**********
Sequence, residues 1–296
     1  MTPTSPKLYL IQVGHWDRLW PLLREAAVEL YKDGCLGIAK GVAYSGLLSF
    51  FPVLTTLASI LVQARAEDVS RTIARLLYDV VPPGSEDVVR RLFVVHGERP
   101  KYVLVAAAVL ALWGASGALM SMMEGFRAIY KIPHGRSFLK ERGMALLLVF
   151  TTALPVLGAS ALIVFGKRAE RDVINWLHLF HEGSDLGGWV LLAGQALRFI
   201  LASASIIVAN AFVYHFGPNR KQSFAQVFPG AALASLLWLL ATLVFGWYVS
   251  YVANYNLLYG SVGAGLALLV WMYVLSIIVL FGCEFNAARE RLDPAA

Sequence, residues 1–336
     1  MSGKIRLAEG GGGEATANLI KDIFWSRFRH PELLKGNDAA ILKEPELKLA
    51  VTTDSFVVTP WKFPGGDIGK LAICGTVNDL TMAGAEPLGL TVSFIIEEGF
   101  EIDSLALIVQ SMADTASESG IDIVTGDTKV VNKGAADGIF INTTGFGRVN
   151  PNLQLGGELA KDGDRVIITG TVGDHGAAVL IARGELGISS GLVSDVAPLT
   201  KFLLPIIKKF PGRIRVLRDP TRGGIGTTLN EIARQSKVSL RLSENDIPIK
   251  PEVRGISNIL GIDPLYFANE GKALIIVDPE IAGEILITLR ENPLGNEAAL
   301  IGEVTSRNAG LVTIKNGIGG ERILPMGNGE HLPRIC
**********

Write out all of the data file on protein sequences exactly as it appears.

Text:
Sequence, residues 1–296
     1  MTPTSPKLYL IQVGHWDRLW PLLREAAVEL YKDGCLGIAK GVAYSGLLSF
    51  FPVLTTLASI LVQARAEDVS RTIARLLYDV VPPGSEDVVR RLFVVHGERP
   101  KYVLVAAAVL ALWGASGALM SMMEGFRAIY KIPHGRSFLK ERGMALLLVF
   151  TTALPVLGAS ALIVFGKRAE RDVINWLHLF HEGSDLGGWV LLAGQALRFI
   201  LASASIIVAN AFVYHFGPNR KQSFAQVFPG AALASLLWLL ATLVFGWYVS
   251  YVANYNLLYG SVGAGLALLV WMYVLSIIVL FGCEFNAARE RLDPAA

Sequence, residues 1–336
     1  MSGKIRLAEG GGGEATANLI KDIFWSRFRH PELLKGNDAA ILKEPELKLA
    51  VTTDSFVVTP WKFPGGDIGK LAICGTVNDL TMAGAEPLGL TVSFIIEEGF
   101  EIDSLALIVQ SMADTASESG IDIVTGDTKV VNKGAADGIF INTTGFGRVN
   151  PNLQLGGELA KDGDRVIITG TVGDHGAAVL IARGELGISS GLVSDVAPLT
   201  KFLLPIIKKF PGRIRVLRDP TRGGIGTTLN EIARQSKVSL RLSENDIPIK
   251  PEVRGISNIL GIDPLYFANE GKALIIVDPE IAGEILITLR ENPLGNEAAL
   301  IGEVTSRNAG LVTIKNGIGG ERILPMGNGE HLPRIC